When asked about teacher training, the response was that the teachers were keen to undertake training, but they would have to forgo their income while training and that was very difficult. One had a sense that job security at the school was a very protected possession. I had thought supporting a teacher to undertake a teacher-training program a worthwhile project, but more time was needed to better understand, through the village chief what they saw as their need, rather than imposing my own view on what I thought they needed after a two-hour visit.
Nearby was a rundown chicken house. When asked what this was used for, the head teacher said the students used to raise chickens to sell to support the school. He had stopped this practice as it was in competition with families who raised chickens to help pay their children’s school fees. The chicken house was empty, and the project abandoned.
As I walked around to the side of the school, I noticed a young man using a small bucket to draw water from a disused bore casing, a long ago remanent of drilling operations in search for copper to support the nearby copper mines. People from the village come by to have a container filled with water by the young man. He chatted away to those collecting water, sharing a laugh in response to an unknown comment.
Nearby there was another bore casing with a simple hand operated mechanical pump attached to the top of the bore casing. The pump had been out of action for some time given the amount of rust and dirt on the pump. I thought some basic repairs would fix the pump and make life easier for everyone. But then maybe the young man may find himself without a job, perhaps unable to contribute to the life of the village.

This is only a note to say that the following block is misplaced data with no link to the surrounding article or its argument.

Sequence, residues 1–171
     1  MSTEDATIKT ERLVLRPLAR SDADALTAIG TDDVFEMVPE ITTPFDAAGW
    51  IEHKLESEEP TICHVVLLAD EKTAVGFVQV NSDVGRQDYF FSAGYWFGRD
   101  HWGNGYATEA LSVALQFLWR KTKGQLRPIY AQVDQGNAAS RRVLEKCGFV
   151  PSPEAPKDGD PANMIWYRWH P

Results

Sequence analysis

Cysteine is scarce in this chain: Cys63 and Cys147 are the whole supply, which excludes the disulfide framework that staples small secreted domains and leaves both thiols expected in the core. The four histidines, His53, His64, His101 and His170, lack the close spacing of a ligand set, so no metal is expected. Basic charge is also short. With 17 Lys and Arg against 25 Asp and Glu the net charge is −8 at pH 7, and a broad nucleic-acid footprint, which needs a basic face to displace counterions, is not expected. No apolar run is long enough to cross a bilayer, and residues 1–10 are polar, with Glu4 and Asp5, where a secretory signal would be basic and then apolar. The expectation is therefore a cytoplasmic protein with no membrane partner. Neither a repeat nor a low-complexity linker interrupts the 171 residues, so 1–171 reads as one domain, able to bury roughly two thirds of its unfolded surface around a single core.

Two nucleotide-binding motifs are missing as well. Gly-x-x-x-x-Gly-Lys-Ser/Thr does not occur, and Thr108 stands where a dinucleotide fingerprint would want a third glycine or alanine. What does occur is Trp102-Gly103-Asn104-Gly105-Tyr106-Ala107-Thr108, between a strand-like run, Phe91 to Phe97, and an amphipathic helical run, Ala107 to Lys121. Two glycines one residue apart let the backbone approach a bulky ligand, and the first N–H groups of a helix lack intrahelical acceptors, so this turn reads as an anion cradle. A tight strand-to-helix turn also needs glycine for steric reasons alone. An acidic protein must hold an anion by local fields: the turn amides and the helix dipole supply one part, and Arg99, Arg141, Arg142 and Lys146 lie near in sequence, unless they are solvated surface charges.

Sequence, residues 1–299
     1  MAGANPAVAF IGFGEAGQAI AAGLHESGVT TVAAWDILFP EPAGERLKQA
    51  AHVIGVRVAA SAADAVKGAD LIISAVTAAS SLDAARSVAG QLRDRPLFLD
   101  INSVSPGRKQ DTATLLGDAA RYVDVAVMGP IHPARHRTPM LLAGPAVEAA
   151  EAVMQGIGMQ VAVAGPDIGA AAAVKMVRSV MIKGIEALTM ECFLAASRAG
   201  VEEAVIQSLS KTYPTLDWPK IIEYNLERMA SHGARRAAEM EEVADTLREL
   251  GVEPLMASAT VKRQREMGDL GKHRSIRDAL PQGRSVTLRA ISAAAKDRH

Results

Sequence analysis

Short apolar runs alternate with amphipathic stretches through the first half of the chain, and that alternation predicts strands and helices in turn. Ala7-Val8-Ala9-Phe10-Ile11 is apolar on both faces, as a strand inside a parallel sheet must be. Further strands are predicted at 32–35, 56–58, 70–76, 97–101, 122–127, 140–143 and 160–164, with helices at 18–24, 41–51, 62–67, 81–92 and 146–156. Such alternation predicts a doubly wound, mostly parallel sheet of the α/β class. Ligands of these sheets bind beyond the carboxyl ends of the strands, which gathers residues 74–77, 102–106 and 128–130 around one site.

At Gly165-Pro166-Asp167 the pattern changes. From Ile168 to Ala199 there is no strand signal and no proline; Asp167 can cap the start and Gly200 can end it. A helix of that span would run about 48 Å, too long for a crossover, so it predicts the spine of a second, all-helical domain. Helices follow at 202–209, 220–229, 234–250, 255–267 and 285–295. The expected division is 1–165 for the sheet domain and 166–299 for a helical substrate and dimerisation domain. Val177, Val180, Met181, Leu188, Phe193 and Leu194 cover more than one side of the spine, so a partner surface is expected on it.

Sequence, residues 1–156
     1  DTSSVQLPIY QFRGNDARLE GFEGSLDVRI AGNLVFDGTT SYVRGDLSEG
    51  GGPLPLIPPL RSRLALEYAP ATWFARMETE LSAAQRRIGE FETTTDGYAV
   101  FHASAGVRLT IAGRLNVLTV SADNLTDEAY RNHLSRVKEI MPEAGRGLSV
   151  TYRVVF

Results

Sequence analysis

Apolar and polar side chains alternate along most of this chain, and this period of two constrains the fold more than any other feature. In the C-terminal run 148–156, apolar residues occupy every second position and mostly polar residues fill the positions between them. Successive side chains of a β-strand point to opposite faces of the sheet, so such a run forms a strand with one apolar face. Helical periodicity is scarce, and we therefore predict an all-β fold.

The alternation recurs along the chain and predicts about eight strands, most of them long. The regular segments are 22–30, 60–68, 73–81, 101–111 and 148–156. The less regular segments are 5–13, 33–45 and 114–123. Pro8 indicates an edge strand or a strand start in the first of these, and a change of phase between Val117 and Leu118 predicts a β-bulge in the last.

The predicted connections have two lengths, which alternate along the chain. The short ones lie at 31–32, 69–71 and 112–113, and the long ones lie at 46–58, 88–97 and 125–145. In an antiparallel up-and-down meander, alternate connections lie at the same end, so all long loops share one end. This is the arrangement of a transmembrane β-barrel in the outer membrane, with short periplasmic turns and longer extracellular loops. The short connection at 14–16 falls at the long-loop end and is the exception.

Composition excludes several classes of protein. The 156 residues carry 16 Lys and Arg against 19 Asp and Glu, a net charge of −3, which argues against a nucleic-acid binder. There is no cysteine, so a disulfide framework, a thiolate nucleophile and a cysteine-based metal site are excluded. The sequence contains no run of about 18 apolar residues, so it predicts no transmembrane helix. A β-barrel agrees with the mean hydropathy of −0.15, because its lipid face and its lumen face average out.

Sitting at the back of my mind during the visit to the school was the realization that 40 years earlier, I had been part of an expat. team of educators employed by the church to run and develop an agricultural college that trained farmers to develop best farming practice as understood by myself and other educated teachers.
It was with the best intentions of all involved that we set out to create a quality training institute. That training college no longer exists. It does not exist because the source of funds from the World Council of Churches dried up. When the government was asked to take over and fund the Farm College it simply did not have the resources.
Zambia is a country, a place that to this day, has left an indelible mark on my life. In other parts of the world where I have worked, I have come to understand the need to sit with and to learn from the wisdom of the people with whom I have been asked to work. This takes time. A two-hour visit to a primary school can never allow one to understand the community dynamics at play in that village.
To be at mission I believe is to walk softly, to listen intently, to seek understanding, to act out of kindness and to give generously. As a wealthy church community, we need to explore ways to support communities in our own country and in other parts of the world that add to their wellbeing within the social structure of those communities. This is easy to say on paper, but much more difficult to achieve.